Regulation of synaptic connections in the rabbit ciliary ganglion.
One of the intriguing questions about the establishment of synaptic connections is how appropriate numbers of different axons come to innervate each target neuron. A reorganization of connections in early postnatal life appears to be an important aspect of this process, since many of the axons terminals that initially innervate target cells are subsequently lost. The rabbit ciliary ganglion is a remarkably simple neural ensemble in which to examine this rearrangement of developing synaptic connections. Using this system we have found that a reduction in the number of axons innervating each cell occurs without any change in the number of ciliary ganglion cells or preganglionic neurons; therefore the rearrangement is not based on cell death. The number of different axons that ultimately innervate each cell is, however, influenced in some way by the geometry of individual target neurons. Thus, mature ganglion cells that lack dendrites are generally innervated by a single axon, while neurons with increasingly complex dendritic arbors receive innervation from a commensurate number of different axons. At birth, on the other hand, neurons with or without dendritic processes receive about the same number of preganglionic inputs. These results suggest that the geometry of the target cell influences the competitive interaction between different axons innervating the same neuron. Indeed, an important function of dendrites may be to regulate the number of axons that innervate each nerve cell.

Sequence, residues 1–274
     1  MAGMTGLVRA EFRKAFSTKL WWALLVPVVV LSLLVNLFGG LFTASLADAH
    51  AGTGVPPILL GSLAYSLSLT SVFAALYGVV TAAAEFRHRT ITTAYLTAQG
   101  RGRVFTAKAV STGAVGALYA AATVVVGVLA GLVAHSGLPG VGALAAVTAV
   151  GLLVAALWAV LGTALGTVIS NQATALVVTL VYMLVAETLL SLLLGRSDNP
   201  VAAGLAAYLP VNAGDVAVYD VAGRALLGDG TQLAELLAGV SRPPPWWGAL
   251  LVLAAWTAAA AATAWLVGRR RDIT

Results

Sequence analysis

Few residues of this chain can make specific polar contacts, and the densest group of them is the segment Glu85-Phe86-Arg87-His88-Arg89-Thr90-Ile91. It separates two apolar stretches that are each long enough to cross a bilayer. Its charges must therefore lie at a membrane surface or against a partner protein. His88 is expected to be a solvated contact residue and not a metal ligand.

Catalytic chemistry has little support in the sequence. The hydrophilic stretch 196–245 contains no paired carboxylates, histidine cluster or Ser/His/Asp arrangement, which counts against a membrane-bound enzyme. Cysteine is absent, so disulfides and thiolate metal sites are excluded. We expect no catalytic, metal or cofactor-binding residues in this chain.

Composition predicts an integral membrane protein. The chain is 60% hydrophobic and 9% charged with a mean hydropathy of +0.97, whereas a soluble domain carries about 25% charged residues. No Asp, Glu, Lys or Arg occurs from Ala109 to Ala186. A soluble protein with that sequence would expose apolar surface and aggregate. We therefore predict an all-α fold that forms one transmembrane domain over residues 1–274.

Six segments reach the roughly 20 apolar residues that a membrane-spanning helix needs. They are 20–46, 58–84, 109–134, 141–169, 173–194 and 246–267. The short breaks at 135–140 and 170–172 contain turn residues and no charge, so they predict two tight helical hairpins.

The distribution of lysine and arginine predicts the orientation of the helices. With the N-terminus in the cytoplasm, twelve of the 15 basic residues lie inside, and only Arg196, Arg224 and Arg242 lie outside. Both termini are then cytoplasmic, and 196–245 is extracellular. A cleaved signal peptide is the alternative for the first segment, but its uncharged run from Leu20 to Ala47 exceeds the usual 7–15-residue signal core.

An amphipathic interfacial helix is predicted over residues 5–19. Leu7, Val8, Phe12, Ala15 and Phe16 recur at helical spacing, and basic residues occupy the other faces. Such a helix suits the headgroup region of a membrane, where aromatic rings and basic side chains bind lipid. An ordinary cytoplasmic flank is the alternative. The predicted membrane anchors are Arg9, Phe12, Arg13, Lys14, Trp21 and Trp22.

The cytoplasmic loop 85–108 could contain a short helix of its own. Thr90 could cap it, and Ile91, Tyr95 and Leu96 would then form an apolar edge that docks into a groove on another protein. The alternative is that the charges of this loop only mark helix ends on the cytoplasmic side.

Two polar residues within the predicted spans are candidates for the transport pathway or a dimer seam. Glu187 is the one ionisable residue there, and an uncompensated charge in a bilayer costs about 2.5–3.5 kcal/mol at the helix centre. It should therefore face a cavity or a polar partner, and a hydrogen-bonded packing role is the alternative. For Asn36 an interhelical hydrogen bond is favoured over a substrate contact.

Purves, D; Johnson, DA; Hume, RI
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